Lebanese Affected by Hurricane Irma Arrive in Beirut


The first batch of Lebanese citizens affected by the devastating Hurricane Irma arrived Sunday morning in Beirut and a second batch was expected to arrive in the afternoon, Prime Minister Saad Hariri's office and the National News Agency said.

The twenty Lebanese citizens, evacuated from the British Virgin Islands, arrived aboard a Turkish Airlines plane coming from London and were received at the Rafik Hariri International Airport by Maj. Gen. Mohammed Kheir, the head of the High Relief Commission, who was representing PM Hariri, in addition to HRC officials and members of their families.

NNA identified the evacuees as members of the Tarabay and Jaber families, saying they hail from the Bekaa towns of al-Bawarej and Lala.

“Ill, fatigued, tired and distressed, the affected Lebanese explained to Maj. Gen. Kheir their tragic situations and what they have suffered as a result of the destructive hurricane that gutted all their properties and the businesses they had established 50 years ago,” NNA said.

Kheir for his part inquired about their needs and relayed to them the salutation of PM Hariri and his concern over their plight.

“He has instructed the High Relief Commission to take all the necessary measures and exert at the needed efforts to evacuate them from the stricken islands and transfer them to Lebanon,” Kheir said.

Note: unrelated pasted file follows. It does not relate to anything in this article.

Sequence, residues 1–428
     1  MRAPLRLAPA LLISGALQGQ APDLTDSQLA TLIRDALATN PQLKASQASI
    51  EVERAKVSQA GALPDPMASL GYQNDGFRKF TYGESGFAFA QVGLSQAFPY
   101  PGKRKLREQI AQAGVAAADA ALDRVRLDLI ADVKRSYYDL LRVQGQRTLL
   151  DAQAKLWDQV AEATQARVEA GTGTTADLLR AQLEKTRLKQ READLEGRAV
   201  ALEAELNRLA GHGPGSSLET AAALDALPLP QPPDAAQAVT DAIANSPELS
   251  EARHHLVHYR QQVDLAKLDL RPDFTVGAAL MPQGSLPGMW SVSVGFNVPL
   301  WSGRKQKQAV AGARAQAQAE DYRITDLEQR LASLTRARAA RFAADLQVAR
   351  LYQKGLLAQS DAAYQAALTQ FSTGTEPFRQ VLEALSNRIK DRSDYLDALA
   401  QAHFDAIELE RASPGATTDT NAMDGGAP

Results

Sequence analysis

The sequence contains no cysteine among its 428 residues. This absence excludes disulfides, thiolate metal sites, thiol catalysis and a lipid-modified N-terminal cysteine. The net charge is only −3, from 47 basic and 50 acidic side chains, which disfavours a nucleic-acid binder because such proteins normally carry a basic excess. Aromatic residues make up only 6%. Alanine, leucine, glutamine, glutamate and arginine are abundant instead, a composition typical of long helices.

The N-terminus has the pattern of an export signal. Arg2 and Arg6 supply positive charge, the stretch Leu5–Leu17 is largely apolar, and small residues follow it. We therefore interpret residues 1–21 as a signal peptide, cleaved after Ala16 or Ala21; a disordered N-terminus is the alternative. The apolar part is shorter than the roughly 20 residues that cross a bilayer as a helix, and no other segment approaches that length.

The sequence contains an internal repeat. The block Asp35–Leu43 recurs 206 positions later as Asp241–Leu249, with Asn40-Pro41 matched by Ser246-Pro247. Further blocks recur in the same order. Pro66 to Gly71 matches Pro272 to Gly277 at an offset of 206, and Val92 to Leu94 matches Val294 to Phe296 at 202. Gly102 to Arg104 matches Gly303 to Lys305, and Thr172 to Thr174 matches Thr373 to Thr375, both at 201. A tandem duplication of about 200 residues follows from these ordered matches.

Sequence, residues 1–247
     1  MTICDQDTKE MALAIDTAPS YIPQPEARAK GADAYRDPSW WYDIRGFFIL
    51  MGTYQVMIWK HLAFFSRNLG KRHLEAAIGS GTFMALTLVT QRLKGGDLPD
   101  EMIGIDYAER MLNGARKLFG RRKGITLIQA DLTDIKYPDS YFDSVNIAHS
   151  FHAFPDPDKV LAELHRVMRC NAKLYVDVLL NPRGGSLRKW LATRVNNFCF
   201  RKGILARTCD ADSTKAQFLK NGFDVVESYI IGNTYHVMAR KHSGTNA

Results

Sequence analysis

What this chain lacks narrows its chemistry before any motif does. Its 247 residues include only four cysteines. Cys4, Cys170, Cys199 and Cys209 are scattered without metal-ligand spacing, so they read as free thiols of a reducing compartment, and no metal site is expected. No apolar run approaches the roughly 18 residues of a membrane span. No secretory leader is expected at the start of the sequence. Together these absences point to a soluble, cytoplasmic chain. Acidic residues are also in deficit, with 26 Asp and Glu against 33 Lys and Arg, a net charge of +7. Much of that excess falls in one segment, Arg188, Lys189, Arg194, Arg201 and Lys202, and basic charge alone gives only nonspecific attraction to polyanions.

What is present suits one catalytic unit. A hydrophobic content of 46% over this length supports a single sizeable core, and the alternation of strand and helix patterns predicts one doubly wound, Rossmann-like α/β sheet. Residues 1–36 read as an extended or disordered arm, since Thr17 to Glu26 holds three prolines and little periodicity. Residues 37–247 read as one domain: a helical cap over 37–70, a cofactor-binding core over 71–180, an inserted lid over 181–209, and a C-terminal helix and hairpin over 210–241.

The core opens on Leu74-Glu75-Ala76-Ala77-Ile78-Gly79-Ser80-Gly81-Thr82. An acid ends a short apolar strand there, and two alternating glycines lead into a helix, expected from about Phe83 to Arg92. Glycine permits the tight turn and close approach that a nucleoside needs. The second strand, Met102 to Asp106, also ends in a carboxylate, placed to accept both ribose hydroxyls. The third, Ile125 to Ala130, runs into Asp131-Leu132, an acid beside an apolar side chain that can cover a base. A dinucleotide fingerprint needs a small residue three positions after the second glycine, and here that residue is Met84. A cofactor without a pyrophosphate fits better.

“The evacuees for their part thanked PM Hariri for his followup on their plight and the promptness of his response, especially that they were the second expat community to be evacuated from the hit island right after the U.S. expat community, despite the difficult transportation circumstances,” the agency added.

Hurricane Irma was an extremely powerful and catastrophic Cape Verde type hurricane, the most intense observed in the Atlantic since Dean in 2007. It was also the most intense Atlantic hurricane to strike the United States since Katrina in 2005, and the first major hurricane to make landfall in the state of Florida since Wilma in 2005.

It caused widespread and catastrophic damage throughout its long lifetime, particularly in parts of the northeastern Caribbean and the Florida Keys.

The affected countries and territories were Anguilla, Barbados, Barbuda, British Virgin Islands, Cuba, Haiti, Puerto Rico, Saint Kitts and Nevis, Saint Martin and Saint Barthélemy, Sint Maarten, Turks and Caicos Islands, U.S. Virgin Islands and Florida.

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